This direct creation from Laba, if honed correctly, could bring forward a new dimension to the team’s options out of possession. It could lead to the sort of high energy pressing that has ascended to prominence in Europe over recent years, especially profitable in a league where the system is yet to enjoy the same popularity, and at the same time unlock facets of Matias’ game unexplored while he’s plied his trade in Canada. Few can read the game to the same standard and with vision so exceptional that perspective should theoretically apply to most circumstances, more so with regards to how he develops transitions. If the sudden reverse in momentum takes place further up the pitch much like it did in Tucson and against the Portland Timbers during the Simple Invitational, there is great likelihood that the play will transpire into a clear-cut chance for the attack to convert thanks to the way in which Laba reaches his diagnosis. If you’re looking for a tangible barometer to measure this, keep an eye on whether he improves his assist and key passing numbers – that should give a diluted reflection of its respective worth to the team and also of its success.

According to the Whitecaps Twitter account, Matias is hoping to get on the ball more during his second year in British Columbia and has been working on that aspect of his game over the offseason too. At the moment there isn’t an outright metronome in the middle of the park, a player to control and adjust the tempo of a match in correlation with the appropriate context, although the captain could incorporate part of that when he operates from deep. Irrespective of that, there’s a clear semblance of the role within Laba’s duties ahead of the centre-back pairing. Throughout the ninety, he can be found collecting the ball from those defending behind him and is often the chief instigator of bringing the play into the more dangerous spaces of the field, however there’s a clockwork-like routine to this without much room for nuance. It’s surgically precise and is therefore difficult to nullify, but can at times limit what Laba offers; all the more in 2015 given his hunger to improve in that respect.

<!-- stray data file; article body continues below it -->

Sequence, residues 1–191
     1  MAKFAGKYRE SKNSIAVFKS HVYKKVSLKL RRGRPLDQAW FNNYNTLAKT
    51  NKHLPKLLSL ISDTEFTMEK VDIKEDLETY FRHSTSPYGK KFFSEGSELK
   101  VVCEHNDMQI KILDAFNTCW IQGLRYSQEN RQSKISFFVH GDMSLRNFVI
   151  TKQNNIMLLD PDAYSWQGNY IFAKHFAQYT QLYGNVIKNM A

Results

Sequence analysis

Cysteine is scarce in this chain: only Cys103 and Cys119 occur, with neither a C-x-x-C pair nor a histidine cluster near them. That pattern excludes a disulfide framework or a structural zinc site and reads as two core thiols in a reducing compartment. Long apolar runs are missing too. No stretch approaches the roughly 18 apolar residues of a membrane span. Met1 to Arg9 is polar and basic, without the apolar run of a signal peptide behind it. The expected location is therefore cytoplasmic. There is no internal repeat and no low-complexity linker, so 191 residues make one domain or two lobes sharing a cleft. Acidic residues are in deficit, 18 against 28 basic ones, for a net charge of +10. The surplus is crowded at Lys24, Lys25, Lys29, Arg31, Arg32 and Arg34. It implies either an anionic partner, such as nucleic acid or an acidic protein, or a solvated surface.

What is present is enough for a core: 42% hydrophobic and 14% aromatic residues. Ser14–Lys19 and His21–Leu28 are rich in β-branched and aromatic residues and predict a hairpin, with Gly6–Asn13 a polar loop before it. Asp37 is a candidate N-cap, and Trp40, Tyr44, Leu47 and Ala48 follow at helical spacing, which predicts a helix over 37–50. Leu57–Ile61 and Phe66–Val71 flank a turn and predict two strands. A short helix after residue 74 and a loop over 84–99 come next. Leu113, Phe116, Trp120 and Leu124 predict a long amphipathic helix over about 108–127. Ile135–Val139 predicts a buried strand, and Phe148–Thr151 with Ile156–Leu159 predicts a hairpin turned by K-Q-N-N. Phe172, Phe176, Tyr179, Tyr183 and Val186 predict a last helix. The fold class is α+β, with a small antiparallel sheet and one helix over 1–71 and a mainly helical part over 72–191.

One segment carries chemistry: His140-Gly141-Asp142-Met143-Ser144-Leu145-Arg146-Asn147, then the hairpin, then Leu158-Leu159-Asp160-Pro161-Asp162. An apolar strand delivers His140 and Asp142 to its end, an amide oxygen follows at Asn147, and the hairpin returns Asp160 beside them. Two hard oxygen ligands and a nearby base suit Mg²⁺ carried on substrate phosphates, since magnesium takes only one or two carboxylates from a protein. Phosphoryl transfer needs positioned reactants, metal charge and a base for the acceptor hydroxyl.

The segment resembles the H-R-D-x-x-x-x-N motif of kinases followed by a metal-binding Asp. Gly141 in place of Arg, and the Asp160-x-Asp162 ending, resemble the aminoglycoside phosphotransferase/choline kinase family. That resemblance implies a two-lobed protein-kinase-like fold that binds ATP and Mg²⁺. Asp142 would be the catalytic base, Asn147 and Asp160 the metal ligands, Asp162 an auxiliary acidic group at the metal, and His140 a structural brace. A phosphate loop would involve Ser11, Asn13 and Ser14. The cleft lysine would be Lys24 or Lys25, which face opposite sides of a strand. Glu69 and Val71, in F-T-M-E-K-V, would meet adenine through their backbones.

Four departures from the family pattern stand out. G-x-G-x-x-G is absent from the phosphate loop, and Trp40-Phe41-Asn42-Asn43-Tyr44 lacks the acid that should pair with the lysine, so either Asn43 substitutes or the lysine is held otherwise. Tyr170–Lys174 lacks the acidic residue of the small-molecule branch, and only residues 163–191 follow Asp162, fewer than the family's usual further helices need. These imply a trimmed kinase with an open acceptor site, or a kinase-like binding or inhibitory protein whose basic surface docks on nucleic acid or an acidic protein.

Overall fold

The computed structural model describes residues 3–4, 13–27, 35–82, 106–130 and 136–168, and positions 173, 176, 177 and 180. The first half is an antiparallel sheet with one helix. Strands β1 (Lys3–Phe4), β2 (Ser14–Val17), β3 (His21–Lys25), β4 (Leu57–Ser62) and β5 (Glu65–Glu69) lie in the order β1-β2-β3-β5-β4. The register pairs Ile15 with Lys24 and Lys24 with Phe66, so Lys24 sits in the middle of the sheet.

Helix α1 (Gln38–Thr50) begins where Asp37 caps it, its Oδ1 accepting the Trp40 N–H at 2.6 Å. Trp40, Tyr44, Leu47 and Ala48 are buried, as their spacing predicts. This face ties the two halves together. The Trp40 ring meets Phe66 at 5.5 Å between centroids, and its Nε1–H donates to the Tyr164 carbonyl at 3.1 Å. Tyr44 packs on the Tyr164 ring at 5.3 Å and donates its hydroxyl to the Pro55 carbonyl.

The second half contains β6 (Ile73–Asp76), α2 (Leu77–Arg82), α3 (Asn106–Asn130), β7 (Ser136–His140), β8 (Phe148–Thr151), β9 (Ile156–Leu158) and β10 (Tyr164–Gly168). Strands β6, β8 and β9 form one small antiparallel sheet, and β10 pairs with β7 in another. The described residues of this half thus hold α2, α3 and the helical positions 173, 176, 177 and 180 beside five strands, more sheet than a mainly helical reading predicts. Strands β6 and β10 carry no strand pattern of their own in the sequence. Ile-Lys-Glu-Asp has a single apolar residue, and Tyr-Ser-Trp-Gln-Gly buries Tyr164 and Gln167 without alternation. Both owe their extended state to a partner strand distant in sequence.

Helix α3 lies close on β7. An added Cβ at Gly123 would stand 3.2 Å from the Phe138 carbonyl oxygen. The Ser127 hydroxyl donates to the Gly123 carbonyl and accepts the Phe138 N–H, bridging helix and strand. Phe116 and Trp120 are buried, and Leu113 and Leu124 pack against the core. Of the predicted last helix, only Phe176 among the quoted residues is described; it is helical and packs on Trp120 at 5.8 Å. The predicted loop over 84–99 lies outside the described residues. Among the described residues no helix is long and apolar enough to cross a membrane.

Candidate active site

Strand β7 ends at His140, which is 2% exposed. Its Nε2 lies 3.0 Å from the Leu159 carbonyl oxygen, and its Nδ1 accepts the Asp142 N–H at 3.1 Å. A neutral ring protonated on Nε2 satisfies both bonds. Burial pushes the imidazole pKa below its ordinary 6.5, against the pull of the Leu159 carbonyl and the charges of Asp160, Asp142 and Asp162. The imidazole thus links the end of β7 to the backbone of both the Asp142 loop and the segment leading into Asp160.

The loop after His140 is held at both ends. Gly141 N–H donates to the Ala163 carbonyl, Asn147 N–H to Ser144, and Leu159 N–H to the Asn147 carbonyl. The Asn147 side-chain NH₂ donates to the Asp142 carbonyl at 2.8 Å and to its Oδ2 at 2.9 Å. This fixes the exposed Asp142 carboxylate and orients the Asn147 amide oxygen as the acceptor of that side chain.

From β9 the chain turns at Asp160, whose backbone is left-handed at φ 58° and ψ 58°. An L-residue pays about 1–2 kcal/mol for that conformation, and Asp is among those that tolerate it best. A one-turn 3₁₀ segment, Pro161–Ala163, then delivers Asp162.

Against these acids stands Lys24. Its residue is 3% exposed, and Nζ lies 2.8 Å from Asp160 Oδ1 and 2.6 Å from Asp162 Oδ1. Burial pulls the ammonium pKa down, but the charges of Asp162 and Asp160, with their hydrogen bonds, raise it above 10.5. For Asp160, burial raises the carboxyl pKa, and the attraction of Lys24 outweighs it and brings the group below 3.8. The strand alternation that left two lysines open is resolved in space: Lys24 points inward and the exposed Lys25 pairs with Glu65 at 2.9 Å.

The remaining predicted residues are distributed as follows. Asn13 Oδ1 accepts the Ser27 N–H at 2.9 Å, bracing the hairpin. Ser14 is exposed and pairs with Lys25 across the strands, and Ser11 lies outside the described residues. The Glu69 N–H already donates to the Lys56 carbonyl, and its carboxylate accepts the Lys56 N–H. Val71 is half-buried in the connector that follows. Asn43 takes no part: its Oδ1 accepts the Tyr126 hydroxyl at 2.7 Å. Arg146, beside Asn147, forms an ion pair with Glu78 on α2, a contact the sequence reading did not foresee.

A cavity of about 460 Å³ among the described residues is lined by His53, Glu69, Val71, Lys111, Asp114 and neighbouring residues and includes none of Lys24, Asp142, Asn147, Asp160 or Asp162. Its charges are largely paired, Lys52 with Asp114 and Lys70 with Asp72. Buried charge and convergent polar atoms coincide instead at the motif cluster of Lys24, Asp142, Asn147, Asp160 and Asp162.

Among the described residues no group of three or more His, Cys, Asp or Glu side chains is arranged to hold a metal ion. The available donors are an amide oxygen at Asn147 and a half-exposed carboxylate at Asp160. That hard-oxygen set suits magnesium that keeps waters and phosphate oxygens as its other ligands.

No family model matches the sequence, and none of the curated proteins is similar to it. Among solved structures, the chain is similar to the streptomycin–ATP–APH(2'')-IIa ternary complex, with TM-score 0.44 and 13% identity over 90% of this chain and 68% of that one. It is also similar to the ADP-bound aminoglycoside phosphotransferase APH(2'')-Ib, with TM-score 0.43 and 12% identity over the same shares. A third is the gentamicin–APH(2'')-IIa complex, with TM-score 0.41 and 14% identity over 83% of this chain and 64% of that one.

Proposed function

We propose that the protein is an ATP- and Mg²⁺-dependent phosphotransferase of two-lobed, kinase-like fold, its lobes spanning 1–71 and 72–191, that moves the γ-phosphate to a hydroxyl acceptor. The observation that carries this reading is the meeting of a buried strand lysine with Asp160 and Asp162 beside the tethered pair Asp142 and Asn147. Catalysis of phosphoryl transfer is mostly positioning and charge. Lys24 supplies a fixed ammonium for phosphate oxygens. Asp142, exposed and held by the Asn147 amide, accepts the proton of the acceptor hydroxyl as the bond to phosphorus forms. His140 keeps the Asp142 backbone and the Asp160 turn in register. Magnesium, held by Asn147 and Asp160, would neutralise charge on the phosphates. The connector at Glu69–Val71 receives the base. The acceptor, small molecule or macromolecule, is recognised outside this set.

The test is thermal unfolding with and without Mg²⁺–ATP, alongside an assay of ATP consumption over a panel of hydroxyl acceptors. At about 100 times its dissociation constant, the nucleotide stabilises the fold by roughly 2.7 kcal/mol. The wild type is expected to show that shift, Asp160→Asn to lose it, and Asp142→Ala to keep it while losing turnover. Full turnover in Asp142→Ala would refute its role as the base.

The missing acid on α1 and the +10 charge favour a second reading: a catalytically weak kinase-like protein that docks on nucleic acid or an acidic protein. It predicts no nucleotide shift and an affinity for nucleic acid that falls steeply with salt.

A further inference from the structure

An appropriate example to illustrate how such great defensive responsibility can be juggled with this calculated disposal of possession would be Columbus Crew SC midfielder Wil Trapp, who, with the help of Tony Tchani, ranks among the best in MLS both protecting the back-four and moving the ball. This is where a Matias Laba 2.0 is most likely to come to fruition in my opinion; the next stage in his progression to the stratospheric heights he looks destined to reach. As of right now, all that’s required for this system update to take place is for the coach to facilitate it within his starting eleven and, with his clear willingness to adapt tactically, that should come attached with some encouraging odds. This proposed broader skill set, and how supporters should look for it to materialize, could change the parameters for how the league looks to identify defensive midfield talent. It’s tough to identify a ceiling at this moment in time.

Robinson’s target for his side to add 25 goals to last campaign’s tally of 42 becomes far more realistic when you account for the newfound avenues to the net at his disposal, very much unique to the rest of the immensely competitive Western Conference and something many will look to replicate if it makes the projected difference going forward. Make no mistake that all of the aforementioned choices at the Welshman’s discretion are dependent on Laba, he’s quite simply the most valuable asset on the team. Much has been made of the apparent lack of leadership within the locker room with Jay DeMerit, Kenny Miller, Nigel Reo-Coker, and Andy O’Brien departing in 2014, however none have harnessed the best out of their colleagues to the same extent as Matias. Leading by example on the pitch is of equal importance to the benefits experience can yield off of it, though many will elect to understate that quality in respect to galvanizing the group the evidence will be there for all to see the longer he plays in Vancouver within the current nucleus of young professionals.